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Having read through this, I'm wondering if anyone has tried to do a weight in/weight out calculation.
Clearly batteries would be heavy but so are aircraft engines.
An EV motor HAS to be lighter than one of those things.
 

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I though that I read a detailed article on the Bye hawk a month ago there . did a search , no luck . But as I remember , new 5 blade prop (lighter) engine weight 350 lbs reduced to under 100 lbs for E motor , then they used the motor weight saving plus the max fuel weight to get the weight of the battery (Li-poly) to get 2 hrs. flight time that would be good for training . that would work for me to commute to bay area (40 min. flight).
 

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Having read through this, I'm wondering if anyone has tried to do a weight in/weight out calculation.
Clearly batteries would be heavy but so are aircraft engines.
An EV motor HAS to be lighter than one of those things.
I thought perhaps so, too, until I learned a couple of things.

#1 An aircraft engine spends 90% of it's working life at or above 65% of full rated power; typically runs at 75-80% power; and should be able to sustain 100% power for at least 10 minutes. This contrasts starkly with automobile engines which often spend 90% of their lifetime under 40% power and only need 100% power in bursts.
#2 An aircraft electric motor and its associated controller, etc. cannot create any significant electrical noise that would interfere with radios and sensitive navigation equipment in close proximity

A 210hp Lycoming 4 cylinder motor can endure 100% power continuously (in theory - in practice it requires more frequent overhauls), and weighs around 350 lbs installed (fuel injection system; alternator; propeller governor; fuel pump; fuel filter; etc. but not counting the propeller). Go look up electric motors that can put out 200hp continuously, and I will assume that they must be brushless to avoid serious EM.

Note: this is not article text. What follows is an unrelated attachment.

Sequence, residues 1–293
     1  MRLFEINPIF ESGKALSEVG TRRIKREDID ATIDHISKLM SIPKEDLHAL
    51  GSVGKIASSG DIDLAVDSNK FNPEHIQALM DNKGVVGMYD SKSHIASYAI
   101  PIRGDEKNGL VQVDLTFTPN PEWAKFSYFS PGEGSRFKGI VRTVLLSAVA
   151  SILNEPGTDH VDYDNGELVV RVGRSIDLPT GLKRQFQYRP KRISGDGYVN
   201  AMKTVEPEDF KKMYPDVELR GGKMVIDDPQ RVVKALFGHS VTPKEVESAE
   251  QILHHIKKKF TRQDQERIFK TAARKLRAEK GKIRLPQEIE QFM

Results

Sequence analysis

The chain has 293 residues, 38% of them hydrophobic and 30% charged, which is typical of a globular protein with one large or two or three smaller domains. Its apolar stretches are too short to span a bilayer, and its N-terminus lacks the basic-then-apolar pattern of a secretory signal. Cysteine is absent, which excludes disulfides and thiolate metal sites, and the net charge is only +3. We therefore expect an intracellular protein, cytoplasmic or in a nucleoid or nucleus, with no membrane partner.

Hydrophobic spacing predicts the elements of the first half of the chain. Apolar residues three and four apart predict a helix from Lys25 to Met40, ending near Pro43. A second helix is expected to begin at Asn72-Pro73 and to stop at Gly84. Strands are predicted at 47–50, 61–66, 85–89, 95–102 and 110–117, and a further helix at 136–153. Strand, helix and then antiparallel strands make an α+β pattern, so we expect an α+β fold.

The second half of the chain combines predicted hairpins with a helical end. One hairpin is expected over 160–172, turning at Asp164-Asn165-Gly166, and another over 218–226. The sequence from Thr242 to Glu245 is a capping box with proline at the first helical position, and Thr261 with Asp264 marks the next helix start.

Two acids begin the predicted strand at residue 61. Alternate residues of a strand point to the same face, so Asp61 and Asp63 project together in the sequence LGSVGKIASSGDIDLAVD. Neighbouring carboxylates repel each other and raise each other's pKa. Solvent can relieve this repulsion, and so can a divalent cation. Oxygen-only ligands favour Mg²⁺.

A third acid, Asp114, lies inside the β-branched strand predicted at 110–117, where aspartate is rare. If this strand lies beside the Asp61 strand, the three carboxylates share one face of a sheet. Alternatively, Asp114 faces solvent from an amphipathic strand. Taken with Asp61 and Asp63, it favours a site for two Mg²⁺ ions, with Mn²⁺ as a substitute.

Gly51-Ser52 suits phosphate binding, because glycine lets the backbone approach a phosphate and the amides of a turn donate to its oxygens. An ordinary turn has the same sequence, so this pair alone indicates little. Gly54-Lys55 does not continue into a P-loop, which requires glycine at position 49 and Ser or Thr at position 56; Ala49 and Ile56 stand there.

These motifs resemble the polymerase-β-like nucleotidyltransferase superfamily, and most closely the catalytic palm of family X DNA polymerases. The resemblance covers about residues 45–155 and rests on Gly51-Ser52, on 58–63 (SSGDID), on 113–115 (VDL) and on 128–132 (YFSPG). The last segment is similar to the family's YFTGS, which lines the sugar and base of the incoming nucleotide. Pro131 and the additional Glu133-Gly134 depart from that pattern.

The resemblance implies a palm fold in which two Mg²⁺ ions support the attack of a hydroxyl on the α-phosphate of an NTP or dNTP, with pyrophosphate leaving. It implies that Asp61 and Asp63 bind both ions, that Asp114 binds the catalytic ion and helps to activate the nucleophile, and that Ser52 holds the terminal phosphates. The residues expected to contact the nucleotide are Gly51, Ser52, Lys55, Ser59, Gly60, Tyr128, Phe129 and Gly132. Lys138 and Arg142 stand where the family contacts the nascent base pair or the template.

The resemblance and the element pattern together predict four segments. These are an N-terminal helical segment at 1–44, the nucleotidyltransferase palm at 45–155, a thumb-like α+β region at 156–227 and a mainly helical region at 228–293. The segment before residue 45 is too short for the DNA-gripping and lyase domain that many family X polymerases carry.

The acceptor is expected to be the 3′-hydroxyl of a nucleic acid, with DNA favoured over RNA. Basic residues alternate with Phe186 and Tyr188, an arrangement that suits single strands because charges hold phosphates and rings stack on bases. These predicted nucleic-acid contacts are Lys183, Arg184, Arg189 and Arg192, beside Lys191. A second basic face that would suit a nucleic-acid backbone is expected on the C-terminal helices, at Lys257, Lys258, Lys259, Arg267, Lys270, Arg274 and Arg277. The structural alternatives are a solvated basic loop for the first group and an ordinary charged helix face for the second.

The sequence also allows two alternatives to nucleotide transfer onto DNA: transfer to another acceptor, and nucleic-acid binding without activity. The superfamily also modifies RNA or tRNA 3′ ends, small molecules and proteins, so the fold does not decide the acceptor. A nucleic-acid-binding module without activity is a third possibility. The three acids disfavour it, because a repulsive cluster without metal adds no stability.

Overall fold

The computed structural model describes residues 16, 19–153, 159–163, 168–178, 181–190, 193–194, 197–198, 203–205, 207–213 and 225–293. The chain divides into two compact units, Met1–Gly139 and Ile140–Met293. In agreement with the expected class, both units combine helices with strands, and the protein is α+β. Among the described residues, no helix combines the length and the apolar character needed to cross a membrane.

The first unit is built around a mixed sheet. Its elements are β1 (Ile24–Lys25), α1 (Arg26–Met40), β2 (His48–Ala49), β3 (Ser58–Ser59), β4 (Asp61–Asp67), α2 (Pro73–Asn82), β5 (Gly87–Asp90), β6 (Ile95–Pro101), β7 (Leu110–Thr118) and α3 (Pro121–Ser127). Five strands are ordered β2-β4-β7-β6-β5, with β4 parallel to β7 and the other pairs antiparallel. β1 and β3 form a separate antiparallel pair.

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there would be great safety advantages , carb icing , water in fuel and much higher emergency power . I have lost many people to the first two .
 

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was just watching Direct TV (NGW) about flying Africa south to north . The more north he went the harder to get and more expensive the av gas becomes $11/liter or $2,200/drum . and spending days looking for it.
 

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I though that I read a detailed article on the Bye hawk a month ago there . did a search , no luck . But as I remember , new 5 blade prop (lighter) engine weight 350 lbs reduced to under 100 lbs for E motor , then they used the motor weight saving plus the max fuel weight to get the weight of the battery (Li-poly) to get 2 hrs. flight time that would be good for training . that would work for me to commute to bay area (40 min. flight).
I would be interested to know the maximum continuous hp they are getting from a 100 lb electric motor. Based on the Warp 11 as a rough guideline I would think it is no more than 50hp continuous for a 100lb motor. That would be enough to keep a Skylane airborne, but not moving very fast.